Spencer's The Faerie Queene
Book II Canto II
Babes bloudie hands may not be clensd,
the face of golden Meane.
Her sisters two Extremities:
striue her to banish cleane.
Thus when Sir Guyon with his faithfull guide
Had with due rites and dolorous lament
The end of their sad Tragedie vptyde,
The little babe vp in his armes he hent;
Who with sweet pleasance and bold blandishment
Gan smyle on them, that rather ought to weepe,
As carelesse of his woe, or innocent
Of that was doen, that ruth emperced deepe
In that knights heart, and wordes with bitter teares did steepe.
Ah lucklesse babe, borne vnder cruell starre,
And in dead parents balefull ashes bred,
Full litle weenest thou, what sorrowes are
Left thee for portion of thy liuelihed,
Poore Orphane in the wide world scattered,
As budding braunch rent from the natiue tree,
And throwen forth, till it be withered:
Such is the state of men: thus enter wee
Into this life with woe, and end with miseree.
Then soft himselfe inclyning on his knee
Downe to that well, did in the water weene
(So loue does loath disdainfull nicitee)
His guiltie hands from bloudie gore to cleene,
He washt them oft and oft, yet nought they beene
For all his washing cleaner. Still he stroue,
Yet still the litle hands were bloudie seene;
The which him into great amaz'ment droue,
And into diuerse doubt his wauering wonder cloue.
He wist not whether blot of foule offence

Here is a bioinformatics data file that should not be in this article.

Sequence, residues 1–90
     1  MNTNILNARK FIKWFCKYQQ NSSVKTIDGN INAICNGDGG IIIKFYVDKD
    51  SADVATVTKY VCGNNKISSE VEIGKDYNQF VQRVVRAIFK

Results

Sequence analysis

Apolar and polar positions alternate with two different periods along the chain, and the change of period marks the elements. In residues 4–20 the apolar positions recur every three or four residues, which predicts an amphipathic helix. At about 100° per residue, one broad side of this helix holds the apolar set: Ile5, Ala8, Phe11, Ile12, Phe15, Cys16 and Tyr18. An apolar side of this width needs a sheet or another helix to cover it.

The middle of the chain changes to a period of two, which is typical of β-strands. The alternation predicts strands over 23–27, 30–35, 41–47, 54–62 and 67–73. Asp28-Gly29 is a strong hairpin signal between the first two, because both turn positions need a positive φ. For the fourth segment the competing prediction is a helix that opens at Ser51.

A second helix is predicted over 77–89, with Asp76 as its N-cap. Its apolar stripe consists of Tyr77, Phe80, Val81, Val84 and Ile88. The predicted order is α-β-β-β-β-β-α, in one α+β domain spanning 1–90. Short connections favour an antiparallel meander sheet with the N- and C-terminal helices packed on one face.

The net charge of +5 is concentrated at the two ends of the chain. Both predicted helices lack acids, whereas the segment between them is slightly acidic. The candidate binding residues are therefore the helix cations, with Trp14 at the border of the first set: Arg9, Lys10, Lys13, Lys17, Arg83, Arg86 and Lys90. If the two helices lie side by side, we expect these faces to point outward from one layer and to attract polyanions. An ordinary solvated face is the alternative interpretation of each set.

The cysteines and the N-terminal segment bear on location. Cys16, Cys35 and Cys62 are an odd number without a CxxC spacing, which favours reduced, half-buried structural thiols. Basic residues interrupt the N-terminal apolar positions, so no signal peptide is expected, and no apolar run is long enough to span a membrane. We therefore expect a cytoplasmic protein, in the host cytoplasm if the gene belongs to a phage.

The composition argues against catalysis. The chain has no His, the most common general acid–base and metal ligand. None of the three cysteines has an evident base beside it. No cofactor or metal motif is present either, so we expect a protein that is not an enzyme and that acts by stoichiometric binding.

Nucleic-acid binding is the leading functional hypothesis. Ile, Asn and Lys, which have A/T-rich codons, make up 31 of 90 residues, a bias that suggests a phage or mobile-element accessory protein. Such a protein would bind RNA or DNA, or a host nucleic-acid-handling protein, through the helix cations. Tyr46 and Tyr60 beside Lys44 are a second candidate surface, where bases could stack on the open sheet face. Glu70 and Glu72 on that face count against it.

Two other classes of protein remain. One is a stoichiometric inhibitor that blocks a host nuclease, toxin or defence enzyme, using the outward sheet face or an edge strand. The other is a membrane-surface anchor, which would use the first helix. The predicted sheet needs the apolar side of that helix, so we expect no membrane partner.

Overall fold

Might not be purgd with water nor with bath;
Or that high God, in lieu of innocence,
Imprinted had that token of his wrath,
To shew how sore bloudguiltinesse he hat'th;
Or that the charme and venim, which they druncke,
Their bloud with secret filth infected hath,
Being diffused through the senselesse truncke,
That through the great contagion direfull deadly stunck.
Whom thus at gaze, the Palmer gan to bord
With goodly reason, and thus faire bespake;
Ye bene right hard amated, gratious Lord,
And of your ignorance great maruell make,
Whiles cause not well conceiued ye mistake.
But know, that secret vertues are infusd
In euery fountaine, and in euery lake,
Which who hath skill them rightly to haue chusd,
To proofe of passing wonders hath full often vsd.
Of those some were so from their sourse indewd
By great Dame Nature, from whose fruitfull pap
Their welheads spring, and are with moisture dewd;
Which feedes each liuing plant with liquid sap,
And filles with flowres faire Floraes painted lap:
But other some by gift of later grace,
Or by good prayers, or by other hap,
Had vertue pourd into their waters bace,
And thenceforth were renowmd, & sought from place to place.
Such is this well, wrought by occasion straunge,
Which to her Nymph befell. Vpon a day,
As she the woods with bow and shafts did raunge,
The hartlesse Hind and Robucke to dismay,
Dan Faunus chaunst to meet her by the way,
And kindling fire at her faire burning eye,
Inflamed was to follow beauties chace,
And chaced her, that fast from him did fly;
As Hind from her, so she fled from her enimy.
At last when fayling breath began to faint,
And saw no meanes to scape, of shame affrayd,